Employment Law Alert: NLRB Rejects “Micro-Unit” Community of Interest Standard


In PCC Structurals, Inc., 365 NLRB No. 160 (2017), the National Labor Relations Board (“NLRB” or the “Board”) invalidated Specialty Healthcare & Rehabilitation Center of Mobile, 357 NLRB 931 (2011), reverting back to the “traditional” community of interest standard applied to petitioned-for bargaining units. In its 2011 Specialty Healthcare decision, the Board adopted a new standard, requiring an employer to demonstrate that its proposed bargaining unit shares an “overwhelming community of interest” with the petitioned-for unit sought by the union. This resulted in unions seeking smaller “micro-units” that were generally easier to organize. 

In PCC Structurals, the Board, in a 3-2 decision, overruled Specialty Healthcare, primarily relying on the specific language in and the legislative history of the National Labor Relations Act (“NLRA” or the “Act”).  In support of its holding, the Board cited language in the Act that states, “In determining whether a unit is appropriate . . . the extent to which the employees have organized shall not be controlling.” The Board further identified legislative history indicating the Board’s review of an appropriate unit was never meant to be perfunctory or deferential, which was essentially what Specialty Healthcare mandated. The Board also attacked the Specialty Healthcare standard on the basis that it ignored the organizing rights of all employees excluded from the petitioned-for unit who nonetheless may share a substantial community of interest with the petitioned-for employees. Reverting back to the previous standard, the NLRB made clear that, going forward, it will “determine whether the petitioned-for employees share a community of interest sufficiently distinct from employees excluded from the proposed unit to warrant a separate appropriate unit.”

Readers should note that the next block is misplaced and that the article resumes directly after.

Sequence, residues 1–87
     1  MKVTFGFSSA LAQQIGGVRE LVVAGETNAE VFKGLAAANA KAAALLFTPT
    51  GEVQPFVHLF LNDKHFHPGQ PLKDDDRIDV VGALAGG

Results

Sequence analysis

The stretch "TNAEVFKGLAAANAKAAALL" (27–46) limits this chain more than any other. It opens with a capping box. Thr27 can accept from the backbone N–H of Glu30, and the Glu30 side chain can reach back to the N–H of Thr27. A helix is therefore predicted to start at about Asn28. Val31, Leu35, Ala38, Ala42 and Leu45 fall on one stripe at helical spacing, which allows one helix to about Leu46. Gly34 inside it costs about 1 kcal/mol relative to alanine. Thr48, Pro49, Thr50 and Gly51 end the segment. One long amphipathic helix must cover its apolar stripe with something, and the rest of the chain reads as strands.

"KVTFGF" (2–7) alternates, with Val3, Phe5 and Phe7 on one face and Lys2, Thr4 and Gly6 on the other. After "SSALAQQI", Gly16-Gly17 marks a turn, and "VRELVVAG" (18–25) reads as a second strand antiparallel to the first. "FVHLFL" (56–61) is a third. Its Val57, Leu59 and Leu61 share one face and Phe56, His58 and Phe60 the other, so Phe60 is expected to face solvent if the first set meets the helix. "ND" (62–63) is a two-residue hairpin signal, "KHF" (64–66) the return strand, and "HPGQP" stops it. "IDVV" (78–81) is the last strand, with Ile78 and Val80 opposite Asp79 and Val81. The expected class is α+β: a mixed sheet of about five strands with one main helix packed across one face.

PCC Structurals represents another major pro-employer decision decided in the brief window where the NLRB had a Republican majority for the first time in nearly a decade. By rejecting the “overwhelming community of interest” standard, the Board has now made it more difficult for unions to cherry-pick smaller groups of employees in the hopes of increasing the odds of a successful union campaign. It will be interesting going forward to see how this new standard influences union organizing efforts and is applied by NLRB regional directors, who are the initial adjudicators of any challenge to the scope of a union’s proposed bargaining unit. For now, employers should be pleased with the reversion back to the more traditional community of interest standard.